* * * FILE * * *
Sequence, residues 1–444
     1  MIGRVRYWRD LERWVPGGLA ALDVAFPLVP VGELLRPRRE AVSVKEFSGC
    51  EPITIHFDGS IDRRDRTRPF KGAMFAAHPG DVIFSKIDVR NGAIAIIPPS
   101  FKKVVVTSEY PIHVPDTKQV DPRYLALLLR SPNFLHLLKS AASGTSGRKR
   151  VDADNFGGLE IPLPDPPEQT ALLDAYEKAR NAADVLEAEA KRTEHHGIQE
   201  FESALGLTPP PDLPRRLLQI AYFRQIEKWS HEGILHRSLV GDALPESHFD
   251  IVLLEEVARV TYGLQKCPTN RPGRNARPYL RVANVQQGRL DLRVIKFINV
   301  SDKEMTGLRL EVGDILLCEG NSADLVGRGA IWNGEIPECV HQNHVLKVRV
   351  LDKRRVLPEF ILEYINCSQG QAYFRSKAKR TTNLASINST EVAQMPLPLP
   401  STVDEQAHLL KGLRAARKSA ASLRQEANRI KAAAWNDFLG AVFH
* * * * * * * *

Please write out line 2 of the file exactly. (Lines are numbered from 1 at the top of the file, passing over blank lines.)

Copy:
     1  MIGRVRYWRD LERWVPGGLA ALDVAFPLVP VGELLRPRRE AVSVKEFSGC